It’s been more than six years since the Braves inked righty Ervin Santana to a one-year, $14.1MM deal after Spring Training was already underway. Santana, then 31, was a free agent for the first time and entered the market as one of the more appealing starters available to teams in need of a rotation upgrade. He’d just wrapped up a strong season with the Royals that saw him rack up 211 frames with a 3.24 ERA and a 3.16 K/BB ratio.
But Santana hit the market aiming quite high, reportedly seeking a contract worth more than $100MM. A big payday wasn’t exactly far-fetched — we predicted a five-year deal at a more reasonable $75MM term that winter — but teams clearly balked at a nine-figure guarantee for a pitcher who struggled with year-to-year consistency. Kansas City, after all, had only acquired Santana in a salary dump from the Angels after the righty posted an ERA north of 5.00 in a sub-replacement-level 2013 effort.
By the time Santana’s asking price dropped into the four-year, $50-60MM range as Spring Training approached, it was too late. He reportedly received three-year offers from the Twins (who’d sign him a year later) and Orioles that spring but preferred a one-year deal to reenter free agency next winter. The Braves obliged, signing Santana at the exact $14.1MM value of the qualifying offer he’d rejected four months prior.
The signing worked out swimmingly for Atlanta. Santana made 31 starts, totaled 196 innings and logged a 3.95 ERA (3.39 FIP) with 8.2 K/9, 2.9 BB/9, 0.73 HR/9 and a 42.9 percent ground-ball rate. The Braves finished second in the NL East that year, but their playoff miss couldn’t be pinned on Santana, who largely held up his end of the bargain. At season’s end, Santana entered the open market a second time.
Unlike the 2016-21 collective bargaining agreement, the previous arrangement allowed players to receive multiple qualifying offers in their career. As such, the Braves issued a second qualifying offer, which Santana again rejected. This time around, his expectations were set a bit lower, and by the end of the Winter Meetings he’d landed a four-year deal with the Twins that guaranteed him $55MM. The Twins lost their second-round pick to sign Santana. The Braves received a compensatory pick at the end of the first round.
As readers have likely gleaned by now, that’s where the Atlanta organization struck gold. The Braves’ organic pick that year, No. 14 overall, saw them select lefty Kolby Allard, whom they traded to Texas last July to rent reliever Chris Martin. The compensatory pick they landed in exchange for Santana turned into Mike Soroka.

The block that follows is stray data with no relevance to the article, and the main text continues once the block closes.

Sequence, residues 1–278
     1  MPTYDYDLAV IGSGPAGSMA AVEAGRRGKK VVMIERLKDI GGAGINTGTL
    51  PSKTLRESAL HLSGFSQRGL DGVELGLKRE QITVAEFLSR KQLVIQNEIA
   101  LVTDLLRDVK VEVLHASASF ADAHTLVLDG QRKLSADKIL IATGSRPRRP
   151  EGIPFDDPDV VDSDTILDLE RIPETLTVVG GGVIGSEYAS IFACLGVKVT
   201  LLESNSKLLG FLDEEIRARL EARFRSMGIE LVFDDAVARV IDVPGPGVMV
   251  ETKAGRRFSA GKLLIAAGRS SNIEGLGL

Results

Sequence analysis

At the time of the selection, Soroka was an aggressive selection. Pre-draft rankings from MLB.com, Baseball America, FanGraphs and ESPN all had Soroka ranked in the 60 to 90 range among draft prospects. He was one of the youngest players in the draft and generally pegged as more of a second- or third-round pick. In their scouting report heading into the draft, Baseball America wrote: “There hasn’t been a player out of Alberta selected in the top 100 picks since the Red Sox picked Chris Reitsma 34th overall in 1996, and while Soroka probably won’t go that high, he should end up off the board in the first few rounds in June.”
Just 17 when he was selected, Soroka nonetheless rose quickly through the Braves’ system and steadily improved his prospect stock along the way. Soroka was at least three years younger than the average age of his competition at every minor league level he competed, and before he’d reached his 21st birthday he was suiting up for the Braves at SunTrust (now Truist) Park. Shoulder troubles in that debut campaign in 2018 limited Soroka to just 25 2/3 innings in the Majors another 30 2/3 frames in the minors.
This past season, of course, unfolded quite differently. Were it not for the outrageous power display put on by division rival Pete Alonso, Soroka might well have locked up Rookie of the Year honors. The 2019 NL runner-up pitched to a pristine 2.68 ERA with 7.3 K/9, 2.1 BB/9, 0.72 HR/9 and a 51.2 percent grounder rate. Soroka was worth 4.0 fWAR and 5.6 bWAR, and he ranked well above average in terms of Statcast metrics such as opponents’ barrel rate, average exit velocity, expected ERA and expected wOBA. Considering he was 21 for most of the 2019 season, optimism regarding Soroka abounds.
With Ronald Acuna Jr. and Ozzie Albies already locked up long term, Soroka stands out as an obvious candidate for a long-term deal of his own. At the very least, the Braves can enjoy Soroka for four full years beyond whatever semblance of a 2020 season we get, all the way through the 2024 season. So long as Soroka’s shoulder holds up, it seems the Atlanta organization will still be reaping the benefits of that Santana signing more than a decade after the ink on his contract dried.